I work from a very loose ‘outline’, if you want to call it that. I have a beginning and I have an end. The plot is the road between the two.  It’s a journey of discovery for me and part of the fun. I have various places I want to visit on that journey, and sometimes those places take me to destinations I hadn’t considered. I’m a slow writer. My goal is a page a day. I’m constantly editing and rewriting. I’ve always liked longish books (400+ pages), so that’s what I write. (I don’t feel readers are getting their money’s worth unless the book has at least 400 pages.) I was working fulltime while writing the first three books. It took me about two years to write each. Now that I’m retired maybe I can write the next one more quickly. 

9.  You managed to create a fast-page thriller that keeps readers hooked throughout.  What is your secret?

Though I consider myself a ‘slow’ writer, I’m also an impatient one. I want things to move. My goal is to keep the reader reading. My primary mentor couldn’t emphasize enough the importance of a book’s beginning, to ‘hook’ readers and keep them reading. I like to end chapters at a point where the reader asks, “What happens next?” If I do have a ‘secret’, it’s writing to keep me interested.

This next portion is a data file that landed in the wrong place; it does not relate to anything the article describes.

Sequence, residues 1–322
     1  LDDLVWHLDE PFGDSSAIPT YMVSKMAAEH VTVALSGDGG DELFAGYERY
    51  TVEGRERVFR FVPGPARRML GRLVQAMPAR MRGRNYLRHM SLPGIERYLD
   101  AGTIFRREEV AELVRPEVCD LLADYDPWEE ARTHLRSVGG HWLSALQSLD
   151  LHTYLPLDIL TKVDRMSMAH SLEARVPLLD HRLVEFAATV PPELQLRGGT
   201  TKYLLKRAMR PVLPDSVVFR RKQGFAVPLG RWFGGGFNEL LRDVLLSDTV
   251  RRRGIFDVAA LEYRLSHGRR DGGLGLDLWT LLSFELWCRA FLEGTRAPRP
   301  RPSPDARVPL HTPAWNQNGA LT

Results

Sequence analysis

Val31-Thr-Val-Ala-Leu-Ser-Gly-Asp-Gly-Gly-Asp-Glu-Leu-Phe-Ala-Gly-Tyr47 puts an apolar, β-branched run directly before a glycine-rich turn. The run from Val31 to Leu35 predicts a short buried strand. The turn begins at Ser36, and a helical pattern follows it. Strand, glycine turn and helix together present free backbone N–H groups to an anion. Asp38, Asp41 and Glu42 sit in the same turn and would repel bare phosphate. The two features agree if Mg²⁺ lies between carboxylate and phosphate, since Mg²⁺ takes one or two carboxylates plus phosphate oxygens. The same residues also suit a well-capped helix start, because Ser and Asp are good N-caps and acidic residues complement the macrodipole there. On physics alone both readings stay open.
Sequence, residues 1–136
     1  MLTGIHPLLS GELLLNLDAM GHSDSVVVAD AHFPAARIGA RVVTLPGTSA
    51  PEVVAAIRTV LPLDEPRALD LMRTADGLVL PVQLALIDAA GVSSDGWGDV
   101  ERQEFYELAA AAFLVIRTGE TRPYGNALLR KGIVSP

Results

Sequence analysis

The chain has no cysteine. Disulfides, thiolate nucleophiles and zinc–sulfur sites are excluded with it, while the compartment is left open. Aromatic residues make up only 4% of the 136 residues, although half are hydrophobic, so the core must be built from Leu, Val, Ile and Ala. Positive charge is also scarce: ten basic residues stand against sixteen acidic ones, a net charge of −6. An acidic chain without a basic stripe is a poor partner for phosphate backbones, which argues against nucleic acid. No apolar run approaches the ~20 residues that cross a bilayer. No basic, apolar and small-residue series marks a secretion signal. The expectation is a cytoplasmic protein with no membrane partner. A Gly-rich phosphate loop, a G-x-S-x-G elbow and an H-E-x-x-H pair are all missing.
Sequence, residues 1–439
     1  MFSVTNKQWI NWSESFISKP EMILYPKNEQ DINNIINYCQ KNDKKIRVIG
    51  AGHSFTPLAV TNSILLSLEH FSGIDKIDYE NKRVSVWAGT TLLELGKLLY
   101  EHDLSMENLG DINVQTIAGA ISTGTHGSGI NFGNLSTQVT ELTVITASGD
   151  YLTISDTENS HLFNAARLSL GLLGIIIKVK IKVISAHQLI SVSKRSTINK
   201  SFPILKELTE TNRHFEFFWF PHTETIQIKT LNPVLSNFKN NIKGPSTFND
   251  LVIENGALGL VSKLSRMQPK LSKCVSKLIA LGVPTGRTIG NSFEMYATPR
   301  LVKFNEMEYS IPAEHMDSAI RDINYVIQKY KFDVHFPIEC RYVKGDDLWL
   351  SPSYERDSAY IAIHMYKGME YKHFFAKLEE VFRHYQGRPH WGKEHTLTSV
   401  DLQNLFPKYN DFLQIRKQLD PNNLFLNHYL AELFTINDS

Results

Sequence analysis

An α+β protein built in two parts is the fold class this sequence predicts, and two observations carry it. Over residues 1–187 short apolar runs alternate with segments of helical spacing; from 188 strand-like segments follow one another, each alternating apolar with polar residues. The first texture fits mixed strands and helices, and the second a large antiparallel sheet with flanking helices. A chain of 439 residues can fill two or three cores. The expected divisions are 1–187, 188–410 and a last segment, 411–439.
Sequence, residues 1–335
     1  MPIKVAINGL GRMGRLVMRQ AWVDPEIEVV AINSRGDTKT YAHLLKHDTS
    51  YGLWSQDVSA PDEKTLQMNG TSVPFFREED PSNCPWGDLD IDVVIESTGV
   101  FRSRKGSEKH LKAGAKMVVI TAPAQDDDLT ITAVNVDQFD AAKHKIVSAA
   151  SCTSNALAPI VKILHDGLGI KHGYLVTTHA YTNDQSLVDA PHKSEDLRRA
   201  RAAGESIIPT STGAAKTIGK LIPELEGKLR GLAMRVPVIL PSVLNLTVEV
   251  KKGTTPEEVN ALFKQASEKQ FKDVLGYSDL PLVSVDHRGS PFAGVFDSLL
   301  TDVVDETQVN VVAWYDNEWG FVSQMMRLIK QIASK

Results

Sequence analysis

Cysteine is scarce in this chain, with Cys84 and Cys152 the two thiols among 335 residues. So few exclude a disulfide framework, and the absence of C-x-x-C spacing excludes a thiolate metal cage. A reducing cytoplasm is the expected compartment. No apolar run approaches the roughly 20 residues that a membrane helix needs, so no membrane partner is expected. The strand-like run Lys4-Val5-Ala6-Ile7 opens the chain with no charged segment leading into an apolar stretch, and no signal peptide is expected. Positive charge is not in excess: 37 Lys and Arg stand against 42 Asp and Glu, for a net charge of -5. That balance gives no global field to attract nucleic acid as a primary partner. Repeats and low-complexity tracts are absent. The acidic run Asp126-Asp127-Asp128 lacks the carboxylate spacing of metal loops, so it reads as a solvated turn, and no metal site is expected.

10.  Besides writing, what other cool skills do you have?

I’m an ex-jock who played college football. After an early career in sales and advertising, I spent the last 20 years in the casino industry. I can deal roulette, blackjack and other card games. Now retired, I’m specializing in retirement, grandpa skills and writing.

11.  How has your military background influenced your writing?

Like myself, Mike Gage is a former Marine (actually, he’s still in the reserves). To me, that gives him a certain mindset. Having that background helps me with knowledge of weapons, equipment and tactics. That might be evident in the climatic scenes in THE SHOOTING.

12.  Talk to us a bit about your writing habits. Do you write early in the morning, or through the night? Pen or laptop?

I try to dedicate at least 2 hours a day to my writing. That’s usually in the early afternoon. I have an ‘all-in-one’ computer with a huge screen (but I still have to use my reading glasses!).

13.  What are you working on now? Will we see more of Mike Gage soon?

The fourth Mike Gage Thriller begins with the kidnapping of a presidential candidate’s wife by Islamic terrorists. A political crisis arises from the terrorists’ ransom demands. Mike was on the victim’s security detail. As the only bodyguard who survives the abduction, he’s determined to tract down those responsible. I’m not even close to finishing the first draft, so it might be available in a year or so.